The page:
Back pain, carpal tunnel, insomnia, headaches… all of these common complaints of the modern day office worker can easily be traced back to the unhealthy sedentary lifestyle most of us are living. Hunching over a keyboard all day can leave you with back pain for the rest of your life; lack of sunlight can disrupt your sleep cycle and contribute to a myriad of other health problems. Many companies provide ergonomic desk equipment and design their floor plans so that employees can enjoy natural light. But even in the best situation, office life isn’t what our bodies were meant to do. Here are some tips to save your body from atrophying before your boss’s eyes.
Embrace your inner supermodel! Balancing a book on your head, or at least pretending to, will pull your shoulders back and open your chest and guide you into a healthy posture that reverses a slumping upper back. It's crucial to get up every 30 minutes or so to stretch out your legs and keep your circulation going. Take a stroll around the block, go visit a colleague's office or just do a loop around the vending machine (book on head optional for this part).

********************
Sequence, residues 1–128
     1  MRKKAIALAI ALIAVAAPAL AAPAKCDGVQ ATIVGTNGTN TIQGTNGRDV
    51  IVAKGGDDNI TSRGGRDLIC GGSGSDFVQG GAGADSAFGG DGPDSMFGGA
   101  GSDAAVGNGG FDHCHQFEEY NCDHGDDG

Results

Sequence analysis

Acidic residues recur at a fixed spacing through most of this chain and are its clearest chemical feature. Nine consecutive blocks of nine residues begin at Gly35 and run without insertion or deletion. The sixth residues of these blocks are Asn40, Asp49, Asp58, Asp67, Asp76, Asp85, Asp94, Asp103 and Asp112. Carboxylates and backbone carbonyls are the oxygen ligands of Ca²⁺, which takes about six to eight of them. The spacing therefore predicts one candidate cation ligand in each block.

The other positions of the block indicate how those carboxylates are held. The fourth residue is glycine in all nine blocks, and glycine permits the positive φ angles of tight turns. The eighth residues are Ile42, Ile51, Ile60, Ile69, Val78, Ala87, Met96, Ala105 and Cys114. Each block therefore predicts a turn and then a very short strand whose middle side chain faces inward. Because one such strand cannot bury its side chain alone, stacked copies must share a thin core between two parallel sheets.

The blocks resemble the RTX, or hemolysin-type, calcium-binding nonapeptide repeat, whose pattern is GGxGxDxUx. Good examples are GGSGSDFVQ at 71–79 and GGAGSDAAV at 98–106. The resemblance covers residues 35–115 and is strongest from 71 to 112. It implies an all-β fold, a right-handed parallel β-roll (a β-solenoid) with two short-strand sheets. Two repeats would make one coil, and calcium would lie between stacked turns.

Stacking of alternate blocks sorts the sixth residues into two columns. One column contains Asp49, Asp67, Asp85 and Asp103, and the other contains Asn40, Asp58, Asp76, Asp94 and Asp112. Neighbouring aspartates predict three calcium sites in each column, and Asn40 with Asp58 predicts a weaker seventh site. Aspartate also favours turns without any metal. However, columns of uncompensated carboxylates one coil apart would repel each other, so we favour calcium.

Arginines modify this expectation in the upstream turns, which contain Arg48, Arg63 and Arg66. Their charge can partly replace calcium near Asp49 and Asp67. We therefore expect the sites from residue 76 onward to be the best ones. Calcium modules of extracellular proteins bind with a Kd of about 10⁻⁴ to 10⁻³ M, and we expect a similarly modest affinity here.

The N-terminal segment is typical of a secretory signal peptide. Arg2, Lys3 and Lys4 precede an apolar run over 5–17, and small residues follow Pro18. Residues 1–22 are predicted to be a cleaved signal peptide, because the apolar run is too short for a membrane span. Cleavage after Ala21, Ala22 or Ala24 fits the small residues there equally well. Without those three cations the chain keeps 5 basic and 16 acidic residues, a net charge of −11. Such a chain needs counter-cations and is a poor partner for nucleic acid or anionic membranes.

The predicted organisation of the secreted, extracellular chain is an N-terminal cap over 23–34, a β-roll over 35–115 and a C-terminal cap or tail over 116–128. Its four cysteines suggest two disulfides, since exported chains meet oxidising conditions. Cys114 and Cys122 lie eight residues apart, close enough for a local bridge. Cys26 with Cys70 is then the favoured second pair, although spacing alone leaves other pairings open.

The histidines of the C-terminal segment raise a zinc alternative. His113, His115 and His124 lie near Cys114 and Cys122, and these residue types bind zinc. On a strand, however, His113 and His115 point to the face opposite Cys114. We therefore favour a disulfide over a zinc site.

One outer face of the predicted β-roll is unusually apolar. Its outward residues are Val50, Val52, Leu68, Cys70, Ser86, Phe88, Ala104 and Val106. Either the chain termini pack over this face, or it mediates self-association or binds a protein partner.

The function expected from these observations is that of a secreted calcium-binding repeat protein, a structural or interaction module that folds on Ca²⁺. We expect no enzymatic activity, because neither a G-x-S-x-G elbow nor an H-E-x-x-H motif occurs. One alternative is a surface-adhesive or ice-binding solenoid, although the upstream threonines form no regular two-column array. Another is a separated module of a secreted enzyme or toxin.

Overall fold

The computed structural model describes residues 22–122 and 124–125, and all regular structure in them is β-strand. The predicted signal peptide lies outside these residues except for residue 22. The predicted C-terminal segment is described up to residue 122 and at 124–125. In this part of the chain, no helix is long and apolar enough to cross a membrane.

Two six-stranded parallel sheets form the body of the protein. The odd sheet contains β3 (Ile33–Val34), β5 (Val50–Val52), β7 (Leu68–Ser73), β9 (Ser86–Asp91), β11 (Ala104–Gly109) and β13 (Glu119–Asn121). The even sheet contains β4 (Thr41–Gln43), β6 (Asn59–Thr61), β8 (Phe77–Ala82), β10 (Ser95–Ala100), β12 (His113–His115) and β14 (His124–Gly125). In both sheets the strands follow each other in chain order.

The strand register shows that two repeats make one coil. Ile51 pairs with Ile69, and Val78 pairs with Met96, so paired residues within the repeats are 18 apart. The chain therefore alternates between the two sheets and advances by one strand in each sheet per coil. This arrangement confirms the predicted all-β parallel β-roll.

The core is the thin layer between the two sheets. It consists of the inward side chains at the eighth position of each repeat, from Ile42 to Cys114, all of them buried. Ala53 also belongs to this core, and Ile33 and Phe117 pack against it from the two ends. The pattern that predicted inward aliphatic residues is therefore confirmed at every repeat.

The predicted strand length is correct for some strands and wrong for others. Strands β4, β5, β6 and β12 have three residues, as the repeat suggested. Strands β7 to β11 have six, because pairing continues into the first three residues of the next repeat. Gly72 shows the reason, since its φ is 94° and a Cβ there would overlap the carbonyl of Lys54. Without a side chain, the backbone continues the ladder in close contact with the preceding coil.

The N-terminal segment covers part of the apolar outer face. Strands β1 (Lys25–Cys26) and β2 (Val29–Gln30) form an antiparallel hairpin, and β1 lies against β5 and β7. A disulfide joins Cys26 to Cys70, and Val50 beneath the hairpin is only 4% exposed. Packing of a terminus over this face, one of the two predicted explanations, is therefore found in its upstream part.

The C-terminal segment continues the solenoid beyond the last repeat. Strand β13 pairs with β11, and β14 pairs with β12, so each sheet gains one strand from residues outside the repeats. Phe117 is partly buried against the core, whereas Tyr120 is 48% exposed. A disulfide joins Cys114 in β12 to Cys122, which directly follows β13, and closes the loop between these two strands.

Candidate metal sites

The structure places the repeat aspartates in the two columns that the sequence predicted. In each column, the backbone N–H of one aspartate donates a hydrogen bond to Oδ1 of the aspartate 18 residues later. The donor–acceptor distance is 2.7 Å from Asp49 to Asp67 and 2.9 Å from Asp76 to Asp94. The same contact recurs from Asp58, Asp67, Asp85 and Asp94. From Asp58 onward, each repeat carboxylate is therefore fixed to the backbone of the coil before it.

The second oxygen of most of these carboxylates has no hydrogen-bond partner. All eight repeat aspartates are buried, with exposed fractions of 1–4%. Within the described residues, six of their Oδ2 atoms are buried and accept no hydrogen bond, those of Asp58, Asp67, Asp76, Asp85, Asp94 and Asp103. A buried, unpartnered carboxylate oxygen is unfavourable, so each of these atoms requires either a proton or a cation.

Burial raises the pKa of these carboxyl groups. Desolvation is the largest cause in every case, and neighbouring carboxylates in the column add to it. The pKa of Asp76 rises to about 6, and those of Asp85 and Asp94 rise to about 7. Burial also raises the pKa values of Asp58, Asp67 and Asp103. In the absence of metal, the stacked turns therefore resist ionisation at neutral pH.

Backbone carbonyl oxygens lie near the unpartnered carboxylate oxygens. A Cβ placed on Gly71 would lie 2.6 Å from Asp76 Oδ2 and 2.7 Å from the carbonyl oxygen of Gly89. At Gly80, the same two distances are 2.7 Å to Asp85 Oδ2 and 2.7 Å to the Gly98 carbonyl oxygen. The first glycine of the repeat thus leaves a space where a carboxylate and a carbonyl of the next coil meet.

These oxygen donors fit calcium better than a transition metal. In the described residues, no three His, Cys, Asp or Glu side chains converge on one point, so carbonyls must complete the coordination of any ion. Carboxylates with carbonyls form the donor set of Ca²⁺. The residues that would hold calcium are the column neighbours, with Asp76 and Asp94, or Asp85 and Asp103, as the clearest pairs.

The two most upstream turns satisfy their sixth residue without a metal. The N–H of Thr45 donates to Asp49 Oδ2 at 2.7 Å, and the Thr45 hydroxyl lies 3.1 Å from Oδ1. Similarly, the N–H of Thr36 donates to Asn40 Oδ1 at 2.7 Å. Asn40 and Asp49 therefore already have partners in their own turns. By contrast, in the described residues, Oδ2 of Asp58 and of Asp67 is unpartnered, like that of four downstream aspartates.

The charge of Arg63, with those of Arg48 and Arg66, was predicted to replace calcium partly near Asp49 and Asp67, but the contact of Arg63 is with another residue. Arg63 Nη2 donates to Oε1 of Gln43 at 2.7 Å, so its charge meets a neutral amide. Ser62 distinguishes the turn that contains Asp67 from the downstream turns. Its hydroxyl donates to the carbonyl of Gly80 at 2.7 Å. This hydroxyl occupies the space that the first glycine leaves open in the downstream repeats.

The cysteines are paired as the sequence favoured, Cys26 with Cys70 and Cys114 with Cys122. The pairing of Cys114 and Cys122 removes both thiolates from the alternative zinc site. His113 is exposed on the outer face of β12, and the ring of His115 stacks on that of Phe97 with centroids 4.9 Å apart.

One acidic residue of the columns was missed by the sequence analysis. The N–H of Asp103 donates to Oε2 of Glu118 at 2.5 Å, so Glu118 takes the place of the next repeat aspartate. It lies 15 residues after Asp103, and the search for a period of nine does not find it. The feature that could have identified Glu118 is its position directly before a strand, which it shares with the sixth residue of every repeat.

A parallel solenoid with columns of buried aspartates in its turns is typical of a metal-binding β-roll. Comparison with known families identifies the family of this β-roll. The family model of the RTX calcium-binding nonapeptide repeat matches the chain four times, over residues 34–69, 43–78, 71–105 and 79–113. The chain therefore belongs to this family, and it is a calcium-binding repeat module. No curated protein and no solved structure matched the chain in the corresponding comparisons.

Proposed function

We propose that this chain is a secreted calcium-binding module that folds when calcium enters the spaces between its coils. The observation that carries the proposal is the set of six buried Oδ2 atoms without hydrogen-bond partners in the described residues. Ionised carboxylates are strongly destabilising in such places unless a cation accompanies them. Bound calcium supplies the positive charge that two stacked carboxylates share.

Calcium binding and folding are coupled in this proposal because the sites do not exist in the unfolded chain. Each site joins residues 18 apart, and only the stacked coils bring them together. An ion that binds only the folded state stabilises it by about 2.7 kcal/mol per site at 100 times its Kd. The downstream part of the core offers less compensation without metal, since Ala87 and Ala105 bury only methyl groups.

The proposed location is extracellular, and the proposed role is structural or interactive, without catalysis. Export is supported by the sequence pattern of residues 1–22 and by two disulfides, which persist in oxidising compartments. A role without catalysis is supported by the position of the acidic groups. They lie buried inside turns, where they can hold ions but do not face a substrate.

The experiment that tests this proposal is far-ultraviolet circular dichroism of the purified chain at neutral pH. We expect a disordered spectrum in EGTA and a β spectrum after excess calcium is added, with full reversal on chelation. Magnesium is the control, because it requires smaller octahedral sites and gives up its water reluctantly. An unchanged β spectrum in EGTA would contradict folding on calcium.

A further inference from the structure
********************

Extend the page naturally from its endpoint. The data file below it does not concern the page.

To save those fragile wrists of yours from the evil, cruel joke that is typing-induced carpal tunnel syndrome, you need to keep them in a neutral position. Wrists should not be angled up or down while typing. Keep your keyboard level with your elbows to maintain this position (an adjustable keyboard is ideal but if that’s not an option, adjust the height of your chair). Some keyboards come with a built-in wrist rest; if yours doesn’t, order one. Same goes for operating your mouse--use an ergonomic mousepad to save your dominant wrist from ruin by keeping it in a neutral position rather than straining it at an angle.
If your office has a window--whether it's next to your desk, or surrounding the larger bullpen where you spend your days--be thankful. Recent studies have shown that employees who have natural light exposure through an office window sleep more at night, have lower blood pressure, and laugh more than those in windowless offices. It shouldn't take an elaborate research study to clue employers in about the fact that a dark, dismal workstation with no sunlight impedes productivity and worker satisfaction, thereby affecting the company's bottom line. But I digress. Whatever your situation, make sure you catch some rays, even if you have to leave the office to do it.